Another familiar face is vendor Haskett, who earned the nickname Fancy Clancy because of his over-the-top tricks while pouring beer. Haskett first got his job selling sodas at Memorial Stadium when he was 15.

“You’ve got to have personality with this job,” he says. “I talk to every single sale, I don’t care if I know them or I don’t. You have to treat everyone like family. I remember I went down to Aruba, and I was in the casino when I heard, ‘Hey, Baltimore!’ All the way down there and someone knows me from the stadium.”

Another vendor who gets a lot of recognition is Powell, who has been selling his pit-beef sandwiches and talking to fans at Boog’s BBQ since Camden Yards opened.

“When three million people come by your business every year, that doesn’t hurt,” he says. “Plus, I love the fans. I can’t tell you how many people come up to me with an old photo and ask me about a certain game. I’m very fortunate to be at the ballpark after all these years. And I don’t have to worry about striking out.”

Concession-stand owners like Powell know that fans’ tastes over 20 years tend to change. And officials at the stadium authority and Orioles understand that, too.

“A lot of our concessions, retail, and restaurants seem aged and dated,” says Smith, who is now the Orioles VP of planning and development. “We’re in need of a new look, as well as the fact that people’s taste in foods has changed. They want more local and fresh items that are unique to Baltimore.”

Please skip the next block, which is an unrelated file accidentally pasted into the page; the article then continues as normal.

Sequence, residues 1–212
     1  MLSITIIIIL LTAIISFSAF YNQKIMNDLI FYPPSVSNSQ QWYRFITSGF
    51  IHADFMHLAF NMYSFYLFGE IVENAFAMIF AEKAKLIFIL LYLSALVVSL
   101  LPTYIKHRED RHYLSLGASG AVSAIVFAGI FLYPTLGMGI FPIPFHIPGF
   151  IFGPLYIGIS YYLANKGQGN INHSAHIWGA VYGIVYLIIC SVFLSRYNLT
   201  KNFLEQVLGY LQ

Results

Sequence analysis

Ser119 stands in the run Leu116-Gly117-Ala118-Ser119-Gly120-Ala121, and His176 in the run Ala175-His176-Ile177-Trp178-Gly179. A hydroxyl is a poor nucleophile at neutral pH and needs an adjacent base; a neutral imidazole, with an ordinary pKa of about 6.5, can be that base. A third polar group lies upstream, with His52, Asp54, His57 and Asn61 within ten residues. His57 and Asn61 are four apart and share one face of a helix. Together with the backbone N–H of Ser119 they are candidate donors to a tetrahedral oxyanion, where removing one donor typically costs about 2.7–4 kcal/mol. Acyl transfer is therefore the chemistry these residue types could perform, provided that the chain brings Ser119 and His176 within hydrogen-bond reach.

The concession company Delaware North, which replaced Aramark at the park in 2011, acknowledges this and has recently added local items like Gino’s burgers, Pollock Johnny and Stuggy’s hot dogs, crab cakes, and a Little Italy meatball sub.

In addition, the Orioles added the Miller Lite Flite Deck in right field a few years ago for a more social environment, and a new outdoor deck and bar on the rooftop of the wall in centerfield will be added this season.

“When it opened in ’92, these weren’t amenities that many ballparks had,” says Greg Bader, Orioles director of communications. “We want to make it contemporary.”

Other changes over the years have been the installation of new seats, the addition of HD scoreboards, and refurbishing the brick siding and roof on the warehouse.

This season, the right-field wall will be lowered four feet, and the Orioles will be installing new sculptures in the bullpen area to honor the team’s Hall-of-Fame players.

“That is the ultimate thing a ballclub can do to honor you,” says Frank Robinson, who will be at Camden Yards for his statue’s dedication on April 28. “If the Orioles can commemorate these experiences, then I’ll always feel connected to that stadium.”


As beloved as Camden Yards is in Baltimore, its most powerful impact has, perhaps, been felt nationally. Since 1992, a retro ballpark with modern amenities was imitated over and over again.

“From the start, we loved the idea of Camden Yards,” says Lucchino, who is now the president of the Red Sox. “But we didn’t know it would light a fire across the baseball world and its progeny would end up in a dozen-and-a-half towns and cities.”